What can function as a subject?
For many non-native users of English, one of the difficulties in both writing and reading is knowing what the subject of the sentence is; in complex and compound sentences this becomes even more challenging when you take into consideration that sentences of these types contain more than one subject in the various clauses.
The difficulty lies in the fact that a subject can take many forms. The most commonly used subject is a simple noun or pronoun:
Boys like to play with their toys. subject: boys
Jennifer visited her grandmother at the hospital. subject: Jennifer
They called the fire department to investigate the cause of the fire. subject: They
Subjects may appear in other forms as well:
The noun phrase
Noun phrases are groupings of a noun and all its modifying words. These words can be an adjective, an article, a possessive pronoun, a preposition or a prepositional phrase, etc. Although the noun in the phrase (called the head noun) is the actual subject, the entire phrase must be collectively viewed as the subject because the noun alone would be incomplete:
The girl with the ponytail asked the boy sitting behind her to stop pulling it.
The head of the sales department, John Woo, was promoted to senior manager of his section. (in this sentence, John Woo is also the subject, but is being used in this sentence as an appositive, meaning that the name identifies the title: the head of the sales department = John Woo)
The top five students will be considered for scholarships.
NB: Do not confuse the noun in the prepositional phrase for the subject. The subject is always the head noun only.
Nouns that are joined by the conjunction and are called compound subjects. The whole subject is considered a plural subject and must agree with a plural verb.
Linda and Scott often shop together.
Fishing nets are indiscriminate; both tuna and dolphins often get caught in them, though tuna is usually the targeted catch.
Beth, Joan, and Tina have been selected to represent the company at the conference next month.
A gerund is simply the –ing form of a verb that is being used as a noun. Gerunds are usually used in regards to an activity, and this is usually done when no natural noun exists to talk about the activity. For example, swimming, smoking, and writing are gerunds for their respective activities for which no simple noun exists. Thinking, on the other hand, is also an activity; however, there are nouns that can replace it—contemplation, for instance. If, you are thinking about something in particular, though, you would most likely use the gerund as the subject of the sentence that talks about this.
On the other hand, sometimes we want to discuss the activity, not the process. Aimless thought and thinking aimlessly are two different things. The first focuses on the thoughts themselves, while the latter focus on the person doing the thinking. In other words, we need to look at the focus of the subject of the sentence when we decide to use a natural noun or a gerund.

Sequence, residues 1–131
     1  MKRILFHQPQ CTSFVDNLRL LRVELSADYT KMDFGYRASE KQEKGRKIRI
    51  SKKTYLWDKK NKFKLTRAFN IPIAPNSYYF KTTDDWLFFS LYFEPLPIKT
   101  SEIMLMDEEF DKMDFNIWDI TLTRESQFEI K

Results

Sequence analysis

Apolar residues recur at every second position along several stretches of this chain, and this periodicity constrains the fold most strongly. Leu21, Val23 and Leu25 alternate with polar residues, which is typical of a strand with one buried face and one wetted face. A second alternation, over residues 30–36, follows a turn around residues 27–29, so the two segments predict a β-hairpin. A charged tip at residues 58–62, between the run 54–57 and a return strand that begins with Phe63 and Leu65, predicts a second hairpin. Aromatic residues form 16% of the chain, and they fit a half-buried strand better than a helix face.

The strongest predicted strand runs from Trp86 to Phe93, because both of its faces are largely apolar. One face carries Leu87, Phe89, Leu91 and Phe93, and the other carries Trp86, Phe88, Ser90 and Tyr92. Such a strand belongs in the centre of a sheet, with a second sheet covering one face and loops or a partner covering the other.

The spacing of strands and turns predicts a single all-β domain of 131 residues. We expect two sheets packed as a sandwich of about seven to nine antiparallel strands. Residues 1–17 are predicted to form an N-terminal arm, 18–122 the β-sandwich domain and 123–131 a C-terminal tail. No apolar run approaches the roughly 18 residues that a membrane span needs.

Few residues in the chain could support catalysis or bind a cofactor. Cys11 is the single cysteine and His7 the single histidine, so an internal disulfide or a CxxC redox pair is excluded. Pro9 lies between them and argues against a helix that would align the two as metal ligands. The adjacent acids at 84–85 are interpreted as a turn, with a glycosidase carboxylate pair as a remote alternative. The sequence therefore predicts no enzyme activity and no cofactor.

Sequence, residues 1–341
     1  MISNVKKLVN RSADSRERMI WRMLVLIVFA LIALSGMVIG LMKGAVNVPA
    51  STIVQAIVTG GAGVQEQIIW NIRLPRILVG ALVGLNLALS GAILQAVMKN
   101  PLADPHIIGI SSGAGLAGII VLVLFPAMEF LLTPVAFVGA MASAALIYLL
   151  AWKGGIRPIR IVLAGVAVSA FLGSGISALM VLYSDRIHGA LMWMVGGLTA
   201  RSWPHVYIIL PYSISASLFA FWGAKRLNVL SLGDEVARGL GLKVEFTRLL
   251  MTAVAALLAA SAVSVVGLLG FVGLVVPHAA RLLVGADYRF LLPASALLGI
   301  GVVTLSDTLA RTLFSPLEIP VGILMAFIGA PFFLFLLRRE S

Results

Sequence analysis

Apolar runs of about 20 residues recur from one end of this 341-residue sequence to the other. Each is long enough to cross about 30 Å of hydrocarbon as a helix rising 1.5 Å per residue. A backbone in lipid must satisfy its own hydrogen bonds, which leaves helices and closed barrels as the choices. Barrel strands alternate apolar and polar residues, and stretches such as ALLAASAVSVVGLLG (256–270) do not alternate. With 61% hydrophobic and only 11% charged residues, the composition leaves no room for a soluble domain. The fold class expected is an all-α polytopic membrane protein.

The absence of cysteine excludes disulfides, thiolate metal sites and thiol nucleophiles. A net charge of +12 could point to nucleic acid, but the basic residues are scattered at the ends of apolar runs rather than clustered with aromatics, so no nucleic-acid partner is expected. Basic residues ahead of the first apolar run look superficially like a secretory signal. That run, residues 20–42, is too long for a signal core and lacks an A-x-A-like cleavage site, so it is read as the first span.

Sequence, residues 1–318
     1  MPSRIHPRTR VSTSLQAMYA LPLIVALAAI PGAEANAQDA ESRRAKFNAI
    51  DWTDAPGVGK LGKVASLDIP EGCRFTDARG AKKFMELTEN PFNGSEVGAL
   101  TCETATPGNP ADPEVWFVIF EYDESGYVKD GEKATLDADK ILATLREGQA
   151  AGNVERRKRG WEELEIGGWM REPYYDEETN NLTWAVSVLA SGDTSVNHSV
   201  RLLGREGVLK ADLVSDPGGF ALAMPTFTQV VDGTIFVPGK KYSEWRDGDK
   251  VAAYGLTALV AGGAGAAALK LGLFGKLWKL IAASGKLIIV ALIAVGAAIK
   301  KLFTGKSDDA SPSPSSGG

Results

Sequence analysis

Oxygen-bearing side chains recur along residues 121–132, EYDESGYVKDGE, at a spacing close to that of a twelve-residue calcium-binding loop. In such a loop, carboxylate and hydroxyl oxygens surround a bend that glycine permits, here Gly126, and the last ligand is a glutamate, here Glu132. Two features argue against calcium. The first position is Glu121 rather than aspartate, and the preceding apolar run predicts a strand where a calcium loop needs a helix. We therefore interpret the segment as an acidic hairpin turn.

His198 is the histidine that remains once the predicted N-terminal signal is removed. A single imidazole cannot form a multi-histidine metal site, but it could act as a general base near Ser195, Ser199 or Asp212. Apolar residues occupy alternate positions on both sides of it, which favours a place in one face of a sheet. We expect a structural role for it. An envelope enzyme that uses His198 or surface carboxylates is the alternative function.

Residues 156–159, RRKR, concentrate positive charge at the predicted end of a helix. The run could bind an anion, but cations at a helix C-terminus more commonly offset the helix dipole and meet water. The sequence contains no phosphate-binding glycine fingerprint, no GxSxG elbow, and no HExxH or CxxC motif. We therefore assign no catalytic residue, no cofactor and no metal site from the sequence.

As a subject, gerunds are to be treated as simple nouns:
Smoking is bad for your health.
Swimming regularly does wonders for your posture.
Thinking too much about the unfairness of life will only make you more and more cynical.
Thinking is something that all of us do every day. Or: Contemplation is an activity that we all engage in every day.
Gerund phrases, like noun phrases, include the gerund itself, as well as all its modifiers:
Feeling good about yourself is more important than looking good to others.
A subject may also appear in the form of a noun clause, which is a dependent clause that cannot, on its own, be a complete sentence. It is important to remember that a noun clause will also have a clause marker (conjunction) and its own subject:
Whether I go to the meeting or not depends on my schedule that day.
What most people watch on television seems like a waste of time to me.
That she said something in the first place is the problem; she should have stayed out of it.
Whoever delivers the product is also responsible for its condition.
Some subjects can actually be verbs in the infinitive form. The infinitive form of a verb suggests the idea of that action, not the action itself:
To live a full and happy life is the duty of every person.
Beginning a sentence with an infinitive phrase, however, is rare. More often people introduce the subject later in the sentence and begin with what is a called a “dummy” subject, such as it or there
In some sentence we use it as the subject. However, it usually stands in place for the subject that actually appears later in the sentence. This is especially true of sentences that have a noun clause or infinitive phrase as their subjects.
We can also use there (is/are/was/were) to begin a sentence when the actual subject appears later. The reason for beginning a sentence with a dummy subject is that beginning the sentence with the actual subject might seem awkward or even snobby (too high-minded and not simple enough):
To look at yourself in the mirror before you leave the house in the morning is always a good idea.
It is always a good idea to look at yourself in the mirror before you leave the house in the morning.
Various drinks were served at the party.
There were various drinks served at the party.
One final note: Keep in mind that in certain situations, a subject can appear after the verb in cases of inversion:
Not only is he friendly, he is also very helpful.
Down the hill rolled the car.
Had the police chief’s assistant known about the evidence, he wouldn’t have wasted all that time interviewing the witnesses.